Toronto rolls out larger police presence in bid to curb gun violence
Officers will be working longer hours to combat recent spate of brazen shootings
Toronto will have a bigger police presence on city streets Friday as part of a new, $15-million "gun violence reduction plan" designed to tackle the recent spike in shootings.
Police Chief Mark Saunders and Mayor John Tory announced last week that 200 additional officers will now be on the streets during the evening peak hours for the remainder of the summer.
The officers will be deployed on patrols during the hours of 7 p.m. and 3 a.m., the window during which most shootings occur in the city.
However, Toronto Police Association president Mike McCormack wants to make it clear that those officers aren't new members on the force, but instead police that are working overtime hours as part of what he calls a "band-aid solution."
"You're putting more stress, burning these officers out, and that's a huge risk they're taking with this type of program," he told CBC Toronto. "Not only is it not sustainable, but it's also counterintuitive and counterproductive."
And McCormack adds that police officers are not happy with the change.
"I've never seen a climate like this where I've had so many officers come forward, all ranks saying, 'This is absolutely ridiculous,'" he said. "They will go out and do their jobs, and keep the city safe to the best of their ability, but they're not happy about how the chief and the mayor have done this."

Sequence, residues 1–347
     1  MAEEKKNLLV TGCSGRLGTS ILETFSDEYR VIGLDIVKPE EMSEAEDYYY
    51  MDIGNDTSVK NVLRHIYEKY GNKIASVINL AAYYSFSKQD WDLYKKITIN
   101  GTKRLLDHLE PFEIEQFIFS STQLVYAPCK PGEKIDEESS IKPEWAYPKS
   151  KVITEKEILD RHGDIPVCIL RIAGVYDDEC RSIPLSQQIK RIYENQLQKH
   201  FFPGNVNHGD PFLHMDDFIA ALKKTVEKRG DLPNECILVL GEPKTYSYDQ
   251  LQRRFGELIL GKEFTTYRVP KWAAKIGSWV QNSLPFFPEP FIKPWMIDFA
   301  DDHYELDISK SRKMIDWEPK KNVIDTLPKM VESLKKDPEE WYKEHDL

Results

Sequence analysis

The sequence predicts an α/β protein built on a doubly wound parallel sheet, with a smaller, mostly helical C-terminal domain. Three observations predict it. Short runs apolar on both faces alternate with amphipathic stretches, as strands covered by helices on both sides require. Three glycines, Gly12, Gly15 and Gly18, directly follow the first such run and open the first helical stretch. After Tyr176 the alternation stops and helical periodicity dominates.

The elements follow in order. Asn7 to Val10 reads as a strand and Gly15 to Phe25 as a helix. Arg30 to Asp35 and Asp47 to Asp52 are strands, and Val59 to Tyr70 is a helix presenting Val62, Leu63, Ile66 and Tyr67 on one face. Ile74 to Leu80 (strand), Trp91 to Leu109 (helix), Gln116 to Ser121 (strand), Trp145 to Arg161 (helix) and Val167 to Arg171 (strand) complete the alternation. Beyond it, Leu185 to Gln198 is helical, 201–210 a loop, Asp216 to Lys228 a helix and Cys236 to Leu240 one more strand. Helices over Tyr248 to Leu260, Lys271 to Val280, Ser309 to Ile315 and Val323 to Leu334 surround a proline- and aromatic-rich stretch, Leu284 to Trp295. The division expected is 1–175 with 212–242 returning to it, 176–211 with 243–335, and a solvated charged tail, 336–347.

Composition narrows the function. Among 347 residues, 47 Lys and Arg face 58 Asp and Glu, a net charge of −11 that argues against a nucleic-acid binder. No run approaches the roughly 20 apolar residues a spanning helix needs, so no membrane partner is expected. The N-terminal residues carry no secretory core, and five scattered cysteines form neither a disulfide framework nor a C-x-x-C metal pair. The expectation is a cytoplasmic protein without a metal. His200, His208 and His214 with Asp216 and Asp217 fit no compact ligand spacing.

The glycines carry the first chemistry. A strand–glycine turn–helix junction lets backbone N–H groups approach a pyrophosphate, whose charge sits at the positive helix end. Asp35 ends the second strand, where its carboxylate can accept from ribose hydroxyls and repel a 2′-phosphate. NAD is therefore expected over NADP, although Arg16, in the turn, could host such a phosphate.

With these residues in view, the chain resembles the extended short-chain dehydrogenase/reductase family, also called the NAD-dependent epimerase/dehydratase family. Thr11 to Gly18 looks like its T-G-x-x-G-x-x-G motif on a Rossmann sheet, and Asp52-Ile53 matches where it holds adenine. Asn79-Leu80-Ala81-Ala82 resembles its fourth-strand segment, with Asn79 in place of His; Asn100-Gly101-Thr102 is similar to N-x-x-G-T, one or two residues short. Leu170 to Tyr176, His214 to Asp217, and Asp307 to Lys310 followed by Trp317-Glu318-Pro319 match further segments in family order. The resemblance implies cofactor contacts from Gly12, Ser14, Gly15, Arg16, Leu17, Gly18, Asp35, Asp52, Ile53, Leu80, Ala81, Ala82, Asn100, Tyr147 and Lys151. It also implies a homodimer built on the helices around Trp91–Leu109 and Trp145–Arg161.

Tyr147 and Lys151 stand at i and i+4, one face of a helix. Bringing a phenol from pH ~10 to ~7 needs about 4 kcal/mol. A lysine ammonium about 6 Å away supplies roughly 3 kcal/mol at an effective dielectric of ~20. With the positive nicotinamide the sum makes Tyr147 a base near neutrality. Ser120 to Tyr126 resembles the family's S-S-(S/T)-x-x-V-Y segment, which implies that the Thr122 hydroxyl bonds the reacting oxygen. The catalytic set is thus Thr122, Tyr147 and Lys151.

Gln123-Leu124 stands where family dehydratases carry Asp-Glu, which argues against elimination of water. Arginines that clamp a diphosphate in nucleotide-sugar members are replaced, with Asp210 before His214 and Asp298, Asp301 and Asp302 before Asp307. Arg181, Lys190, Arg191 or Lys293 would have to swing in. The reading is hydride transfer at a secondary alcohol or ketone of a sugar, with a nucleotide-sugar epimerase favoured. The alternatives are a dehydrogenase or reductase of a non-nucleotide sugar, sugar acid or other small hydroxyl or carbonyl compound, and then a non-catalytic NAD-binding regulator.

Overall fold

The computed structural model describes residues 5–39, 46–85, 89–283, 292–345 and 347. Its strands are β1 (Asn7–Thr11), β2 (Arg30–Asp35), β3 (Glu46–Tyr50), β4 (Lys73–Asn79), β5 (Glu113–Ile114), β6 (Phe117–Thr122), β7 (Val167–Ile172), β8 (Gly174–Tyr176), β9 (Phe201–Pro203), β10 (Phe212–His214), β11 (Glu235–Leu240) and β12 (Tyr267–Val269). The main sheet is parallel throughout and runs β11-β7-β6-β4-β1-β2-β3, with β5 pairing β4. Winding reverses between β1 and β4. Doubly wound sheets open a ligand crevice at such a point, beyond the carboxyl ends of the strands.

The mayor said Thursday that longer hours for police officers was one of the only options available to Chief Saunders to help make the city safer and that Saunders is considering the well-being of his officers.
"I know he means it that him and his command will watch this carefully and make sure that at no time are we putting officers at risk or in any way jeopardizing their safety."
The city has seen a string of gun violence in recent weeks including a brazen shooting at Queen and Peter streets that left two dead during the Canada Day long weekend, and another that same weekend at Kensington Market that wounded four.
The increased police presence also comes as the mayor asked the city's police services board to support the addition of more security cameras and audio technology in an effort to help curb gun violence.
Paul Nguyen, webmaster for Jane-Finch.com, has lived in the city's Jane and Finch neighbourhood for more than 30 years. He said having more police on the ground for safety reasons would be a good idea but more needs to be done.
"Any little bit helps, but obviously having more officers on the road is not going to stop the problem," he said. "It's a temporary solution. It might just slow things down for a bit, but we have to find out what are the real reasons."
With files from Adrian Cheung, CBC News and The Canadian Press